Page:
Dolls' Houses Past & Present

A website and ezine about dolls' houses: antique, vintage and modern. Plus furniture and accessories.

Call of the Small exhibition, Craft ACT, 12 August - 25 September 2010 by Anna-Maria C Sviatko

I have always been entranced by small things and, in recent years, have immersed myself in the world of modern dolls houses and miniatures.


My first exhibition was as part of Knit 1 Blog 1 at Craft ACT in 2007, where I contributed a hand knitted 1/12th scale jumper and cushions. Then, in 2008-2009, I had a solo exhibition of my collection of modern (purchased) dolls houses at Canberra Museum and Gallery as part of their Cabinets of Curiosities series (Playing House: Contemporary Dolls’ Houses 1957-2007)


It was at that time that I first approached the Director of Craft ACT to discuss the idea of combining both the handmade and the miniature into an exhibition within a 1/12th scale craft gallery: an idea I felt would highlight miniature work for a new audience of artisans and also provide more modern pieces for the insatiable appetites of modern miniaturists around the world. I envisaged the exhibition would be called M’Art (short for Miniature Art and a play on the word mart, meaning a place to sell things) and become a regular event.


In mid 2009 I began a one year internship with Craft ACT and the idea I had for a group miniature exhibition because a reality. It was locked in to the calendar for August 2010, with a couple of changes, including the name (thanks for the real Call of the Small for allowing us to borrow her name!) I liked the irony that dolls’ house were originally used  to teach girls how run households, and I would be using a dolls’ house sized craft gallery to learn how to be a Curator.



I invited ten artisans, two with previous experience with working in miniature and eight who were exploring the area for the first time, to "shrink to the challenge" and create 1/12th scale works for the exhibition.


The aim of the exhibition was to highlight the variety of mediums and

techniques that can be employed in small scale, and I hoped to use the opportunity to introduce the concept of working in miniature to full sized artisans and introduce miniature works to a wider audience.


As part of the journey towards the actual exhibition I chose to visit as many of the artisans as I could and document their journey. I did this for two reasons: firstly to share what they were creating with the readers of my blog (and get an idea of where they were at) but also to provide support, information and encouragement for artisans who were probably going to be working well outside of their comfort zones.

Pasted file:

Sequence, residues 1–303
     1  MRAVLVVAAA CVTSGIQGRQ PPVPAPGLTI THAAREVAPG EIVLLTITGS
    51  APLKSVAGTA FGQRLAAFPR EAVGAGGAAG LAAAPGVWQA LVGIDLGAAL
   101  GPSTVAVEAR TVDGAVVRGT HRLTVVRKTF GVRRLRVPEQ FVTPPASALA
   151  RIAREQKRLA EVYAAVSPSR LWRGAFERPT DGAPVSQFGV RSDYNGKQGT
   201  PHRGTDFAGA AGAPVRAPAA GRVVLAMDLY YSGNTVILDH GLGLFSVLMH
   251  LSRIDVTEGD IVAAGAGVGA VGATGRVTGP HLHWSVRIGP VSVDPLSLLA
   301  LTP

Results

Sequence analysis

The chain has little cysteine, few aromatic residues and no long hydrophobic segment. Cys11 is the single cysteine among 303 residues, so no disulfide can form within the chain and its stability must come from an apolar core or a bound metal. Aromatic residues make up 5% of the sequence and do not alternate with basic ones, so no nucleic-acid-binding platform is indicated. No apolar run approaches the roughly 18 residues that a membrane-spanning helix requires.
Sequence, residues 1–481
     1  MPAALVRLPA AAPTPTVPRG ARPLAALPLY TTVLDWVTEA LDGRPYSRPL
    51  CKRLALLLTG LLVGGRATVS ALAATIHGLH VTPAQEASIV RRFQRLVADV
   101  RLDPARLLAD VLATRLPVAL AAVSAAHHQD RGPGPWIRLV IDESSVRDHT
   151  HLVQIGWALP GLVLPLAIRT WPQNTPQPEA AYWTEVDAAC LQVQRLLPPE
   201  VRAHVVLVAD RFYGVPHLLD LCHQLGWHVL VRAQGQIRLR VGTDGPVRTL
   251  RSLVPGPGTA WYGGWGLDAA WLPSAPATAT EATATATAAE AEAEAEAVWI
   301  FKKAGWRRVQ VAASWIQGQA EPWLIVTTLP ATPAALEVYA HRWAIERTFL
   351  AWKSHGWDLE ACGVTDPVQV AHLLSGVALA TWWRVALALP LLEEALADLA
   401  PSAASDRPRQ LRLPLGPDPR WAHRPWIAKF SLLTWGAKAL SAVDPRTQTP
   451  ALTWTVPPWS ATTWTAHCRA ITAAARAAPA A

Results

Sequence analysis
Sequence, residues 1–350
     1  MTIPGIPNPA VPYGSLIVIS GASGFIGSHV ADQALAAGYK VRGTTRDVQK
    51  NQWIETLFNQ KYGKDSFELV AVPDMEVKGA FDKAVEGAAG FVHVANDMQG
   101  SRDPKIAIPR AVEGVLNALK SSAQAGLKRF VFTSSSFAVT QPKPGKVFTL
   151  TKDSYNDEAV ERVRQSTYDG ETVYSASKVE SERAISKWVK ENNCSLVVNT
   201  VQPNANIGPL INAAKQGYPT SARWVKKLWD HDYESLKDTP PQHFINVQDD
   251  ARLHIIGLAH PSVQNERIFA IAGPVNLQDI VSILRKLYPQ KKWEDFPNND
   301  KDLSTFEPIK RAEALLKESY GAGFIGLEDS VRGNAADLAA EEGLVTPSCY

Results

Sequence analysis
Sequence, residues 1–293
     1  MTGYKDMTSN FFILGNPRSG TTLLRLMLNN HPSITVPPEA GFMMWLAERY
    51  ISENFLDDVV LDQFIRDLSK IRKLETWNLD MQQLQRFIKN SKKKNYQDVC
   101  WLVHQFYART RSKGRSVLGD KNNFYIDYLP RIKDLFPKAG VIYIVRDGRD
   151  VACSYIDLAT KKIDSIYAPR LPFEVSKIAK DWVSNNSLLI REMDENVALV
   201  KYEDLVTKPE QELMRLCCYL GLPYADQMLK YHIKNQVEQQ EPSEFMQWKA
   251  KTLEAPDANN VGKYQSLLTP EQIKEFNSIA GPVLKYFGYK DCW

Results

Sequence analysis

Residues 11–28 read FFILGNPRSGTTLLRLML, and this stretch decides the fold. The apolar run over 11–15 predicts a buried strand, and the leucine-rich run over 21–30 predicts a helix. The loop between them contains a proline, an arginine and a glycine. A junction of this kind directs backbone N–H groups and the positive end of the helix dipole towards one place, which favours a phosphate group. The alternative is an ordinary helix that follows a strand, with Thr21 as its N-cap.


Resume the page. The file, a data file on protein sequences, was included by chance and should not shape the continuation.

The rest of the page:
The exhibition opened on August 12 and was very well received.


The Artistans:

Peter Bollington (Furniture maker)

Peter was one of Craft ACT’s interns in 2009 and, as a student of the Furniture Workshop at ANU School of Art, I knew he had experience in maquette making. Peter was very keen when I mentioned the concept to him and I was interested in seeing what he would produce in miniature (and hopefully convince him to continue working in the field!)

The two items Peter produced for the show were Tomo swatch #2 (shown above in Gallery 1: White Knight), based on his full sized work for the earlier Craft ACT Epidemic show, and Tension/ Balance (displayed in Gallery 2: Red Hots)

Robert Boot (Miniature turner)

Robert Boot is a member of the ACT Miniature Enthusiasts Association and has been producing miniature turned items for some time, both in wood and in acrylic. One of his bowls was used for the publicity shot for the exhibition, and his work was included in each of the gallery spaces within the exhibition.

(See here for photos from my studio visit with Robert where I documented the making of the bowl above)

Sharon Cornthwaite (Mixed media)

Sharon already worked in miniature, with her mixed media jewellery pieces for sale in the Craft ACT shop. I was interested to see how she would approach even smaller scale pieces.